RWU Statement on Amtrak 188

Here are some excellent thoughts from Railroad Workers United concerning the derailment of Amtrak 188.

If we are serious about preventing future catastrophes of this nature, we must equip railroad workers with the necessary tools to enable them to perform the job safely. Pointing fingers at this or that employee (at any level in the company, union or management) might make some folks feel better, but it does little or nothing to prevent future accidents. Railroad Workers United believes it is time we learn from these terrible tragedies and get serious about implementing the necessary measures to ensure safe railroad operations.

Read More: Railroad Workers United: The Wreck of #AMTRAK188 Talking Points From RWU

Solidarity Forever Centennial

On a windblown, gray Chicago day 100 years ago, January 17, 1915, Ralph Chaplin left his home on the South Side for a raucous, poor person’s rally at the city’s famous women’s center, Hull House. He asked a visiting friend he’d met organizing coal miners with Mother Jones to listen to the lyrics of a new tune he had been working on. Here’s the story behind one of the most beloved Labor Hymns.

Read the article: ‘Solidarity Forever’ Written 100 Years Ago, Today | Labor Notes.

Remembering the Martyrs: A Social and Picnic

Date: May 4, 2014

Time: 10:30am-3:45pm

Location: Forest Home Cemetery, Haymarket Martyr’s Monument

Join the IWW and many other radical, anti-capitalist, and labor organizations at Forest Home Cemetery to eat, drink, talk, and make new friends and connections. This will be a pot-luck style event so please bring food to share. This event is open to all who are interested and is family friendly.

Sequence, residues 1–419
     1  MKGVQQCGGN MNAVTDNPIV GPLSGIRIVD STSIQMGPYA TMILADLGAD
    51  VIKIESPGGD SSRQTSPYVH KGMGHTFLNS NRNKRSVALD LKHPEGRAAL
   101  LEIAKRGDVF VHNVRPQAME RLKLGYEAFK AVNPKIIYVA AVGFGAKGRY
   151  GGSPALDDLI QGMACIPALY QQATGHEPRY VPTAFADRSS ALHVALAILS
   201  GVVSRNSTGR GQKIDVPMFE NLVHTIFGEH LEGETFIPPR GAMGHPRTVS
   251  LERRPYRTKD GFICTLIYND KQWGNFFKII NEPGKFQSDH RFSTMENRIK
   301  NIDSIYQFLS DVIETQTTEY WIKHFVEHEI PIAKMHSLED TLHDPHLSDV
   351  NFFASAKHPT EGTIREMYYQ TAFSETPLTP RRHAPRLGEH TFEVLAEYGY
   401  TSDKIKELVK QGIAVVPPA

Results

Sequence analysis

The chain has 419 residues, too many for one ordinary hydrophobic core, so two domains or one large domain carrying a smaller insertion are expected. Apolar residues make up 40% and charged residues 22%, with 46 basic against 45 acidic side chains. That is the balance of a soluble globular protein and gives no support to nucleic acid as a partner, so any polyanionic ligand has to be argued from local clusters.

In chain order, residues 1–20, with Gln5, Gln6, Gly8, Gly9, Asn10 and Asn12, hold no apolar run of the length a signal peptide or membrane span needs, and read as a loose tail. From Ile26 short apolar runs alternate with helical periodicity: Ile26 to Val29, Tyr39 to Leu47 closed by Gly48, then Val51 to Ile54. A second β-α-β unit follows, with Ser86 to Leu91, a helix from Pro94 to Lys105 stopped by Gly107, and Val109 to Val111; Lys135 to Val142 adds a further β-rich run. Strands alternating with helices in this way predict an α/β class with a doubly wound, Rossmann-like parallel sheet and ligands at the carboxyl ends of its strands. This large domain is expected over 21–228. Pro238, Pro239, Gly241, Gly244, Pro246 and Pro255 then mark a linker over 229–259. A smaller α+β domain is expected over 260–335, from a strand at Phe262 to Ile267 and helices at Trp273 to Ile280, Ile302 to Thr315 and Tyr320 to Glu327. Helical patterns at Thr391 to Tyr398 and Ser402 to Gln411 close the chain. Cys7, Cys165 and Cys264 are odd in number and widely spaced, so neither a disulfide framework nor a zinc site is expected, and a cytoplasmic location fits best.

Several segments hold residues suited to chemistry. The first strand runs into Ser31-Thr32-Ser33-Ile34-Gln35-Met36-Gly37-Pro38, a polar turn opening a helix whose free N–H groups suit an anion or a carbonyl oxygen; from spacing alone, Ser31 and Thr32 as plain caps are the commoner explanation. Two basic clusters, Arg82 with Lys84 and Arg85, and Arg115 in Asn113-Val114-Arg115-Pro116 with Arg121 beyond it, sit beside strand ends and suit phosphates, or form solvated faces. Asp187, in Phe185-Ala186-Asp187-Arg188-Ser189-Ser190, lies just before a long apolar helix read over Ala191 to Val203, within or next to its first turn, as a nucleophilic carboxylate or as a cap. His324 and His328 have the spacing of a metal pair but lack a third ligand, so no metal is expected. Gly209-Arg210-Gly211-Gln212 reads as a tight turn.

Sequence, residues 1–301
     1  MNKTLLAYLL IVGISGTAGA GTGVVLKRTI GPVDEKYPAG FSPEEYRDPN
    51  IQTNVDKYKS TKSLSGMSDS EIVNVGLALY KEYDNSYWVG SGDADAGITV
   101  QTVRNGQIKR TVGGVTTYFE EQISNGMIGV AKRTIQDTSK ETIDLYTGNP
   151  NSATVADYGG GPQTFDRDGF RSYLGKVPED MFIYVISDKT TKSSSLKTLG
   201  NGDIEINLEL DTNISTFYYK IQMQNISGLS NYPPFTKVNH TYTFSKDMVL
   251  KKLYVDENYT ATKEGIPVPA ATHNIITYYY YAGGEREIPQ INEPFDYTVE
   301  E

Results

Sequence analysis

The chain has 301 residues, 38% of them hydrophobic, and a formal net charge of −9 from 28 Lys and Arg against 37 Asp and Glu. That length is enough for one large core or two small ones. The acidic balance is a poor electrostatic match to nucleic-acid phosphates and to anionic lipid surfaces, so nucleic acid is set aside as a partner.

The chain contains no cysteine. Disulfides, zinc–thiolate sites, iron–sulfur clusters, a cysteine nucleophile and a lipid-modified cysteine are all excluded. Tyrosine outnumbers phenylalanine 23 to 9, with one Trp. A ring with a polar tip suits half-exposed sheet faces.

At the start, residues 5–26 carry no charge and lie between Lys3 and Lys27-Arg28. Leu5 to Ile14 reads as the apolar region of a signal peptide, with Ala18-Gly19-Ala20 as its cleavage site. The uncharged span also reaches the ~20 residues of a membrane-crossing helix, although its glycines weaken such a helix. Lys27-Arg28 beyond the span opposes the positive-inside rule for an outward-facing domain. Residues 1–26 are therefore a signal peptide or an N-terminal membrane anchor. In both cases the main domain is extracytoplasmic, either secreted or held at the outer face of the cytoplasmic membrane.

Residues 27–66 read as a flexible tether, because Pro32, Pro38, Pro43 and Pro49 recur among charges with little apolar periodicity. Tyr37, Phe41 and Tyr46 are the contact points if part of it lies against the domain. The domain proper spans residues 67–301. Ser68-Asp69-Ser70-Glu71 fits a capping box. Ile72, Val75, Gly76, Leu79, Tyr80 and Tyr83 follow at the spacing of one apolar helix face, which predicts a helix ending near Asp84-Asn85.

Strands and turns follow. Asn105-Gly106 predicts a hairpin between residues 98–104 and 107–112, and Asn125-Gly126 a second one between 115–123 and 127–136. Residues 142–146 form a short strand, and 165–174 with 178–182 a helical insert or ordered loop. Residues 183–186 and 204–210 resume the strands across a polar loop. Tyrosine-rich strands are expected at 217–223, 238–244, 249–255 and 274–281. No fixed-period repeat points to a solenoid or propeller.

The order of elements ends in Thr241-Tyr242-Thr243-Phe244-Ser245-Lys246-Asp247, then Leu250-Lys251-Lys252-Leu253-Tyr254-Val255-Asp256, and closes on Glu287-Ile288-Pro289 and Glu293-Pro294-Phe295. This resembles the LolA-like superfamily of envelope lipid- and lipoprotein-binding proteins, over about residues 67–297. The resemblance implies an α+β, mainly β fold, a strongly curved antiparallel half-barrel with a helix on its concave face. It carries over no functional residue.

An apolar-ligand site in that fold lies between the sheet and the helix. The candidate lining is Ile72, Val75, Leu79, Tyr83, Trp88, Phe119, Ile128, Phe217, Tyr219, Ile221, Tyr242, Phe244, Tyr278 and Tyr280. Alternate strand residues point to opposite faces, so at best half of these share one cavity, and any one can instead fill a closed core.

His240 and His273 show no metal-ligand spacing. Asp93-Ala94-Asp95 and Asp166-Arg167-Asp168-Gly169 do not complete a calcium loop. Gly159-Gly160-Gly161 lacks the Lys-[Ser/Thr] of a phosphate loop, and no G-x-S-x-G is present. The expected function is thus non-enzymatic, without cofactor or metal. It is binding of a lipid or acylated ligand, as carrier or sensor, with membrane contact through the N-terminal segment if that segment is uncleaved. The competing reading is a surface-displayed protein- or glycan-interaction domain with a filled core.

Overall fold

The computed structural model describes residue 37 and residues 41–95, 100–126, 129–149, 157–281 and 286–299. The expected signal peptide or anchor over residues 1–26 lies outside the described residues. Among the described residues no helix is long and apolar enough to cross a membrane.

Learn More: May Day Events 2014

The Few Own The Many

“The few own the many because they possess the means of livelihood of all. The country is governed for the richest, for the corporations, the bankers, the land speculators, and for the exploiters of labor. The majority of mankind are working people. So long as their fair demands – the ownership and control of their livelihoods – are set at naught, we can have neither men’s rights nor women’s rights. The majority of mankind is ground down by industrial oppression in order that the small remnant may live in ease.”

– Helen Keller

Industrial Worker September 2012

The September 2012 issue of Industrial Worker from the IWW is now available.

The Industrial Worker is the official (English language) newspaper of the Industrial Workers of the World. It is published ten times a year, and printed by GCIU/Teamsters union labor. The editor is elected by the membership via a rank and file vote for a two year term of office.

I’ll be posting a link to the online version of each new issue as if becomes available. You can always find the most recent issue by clicking on the image of the newspaper in the right sidebar of this Weblog.

American Labor History Timeline

The American Prospect magazine’s Website has posted an interactive timeline depicting a brief history of the Labor Movement in the U.S. adapted from If Labor Dies, Whats Next? – a Harold Meyerson piece that appears in the September/October issue.

The timeline includes such notable moments as the founding of the Knights of Labor, the Pullman Strike of 1894 (shown above), the Triangle Fire, the founding of the IWW and more. It’s basic information that every American ought to know, but relatively few do.

See the interactive timeline: A Brief History of American Labor.

Industrial Worker July and August 2012

The July/August 2012 issue of Industrial Worker from the IWW is now available.

The Industrial Worker is the official (English language) newspaper of the Industrial Workers of the World. It is published ten times a year, and printed by GCIU/Teamsters union labor. The editor is elected by the membership via a rank and file vote for a two year term of office.

I’ll be posting a link to the online version of each new issue as if becomes available. You can always find the most recent issue by clicking on the image of the newspaper in the right sidebar of this Weblog.

Industrial Worker June 2012

The June 2012 issue of Industrial Worker from the IWW is now available.

The Industrial Worker is the official (English language) newspaper of the Industrial Workers of the World. It is published ten times a year, and printed by GCIU/Teamsters union labor. The editor is elected by the membership via a rank and file vote for a two year term of office.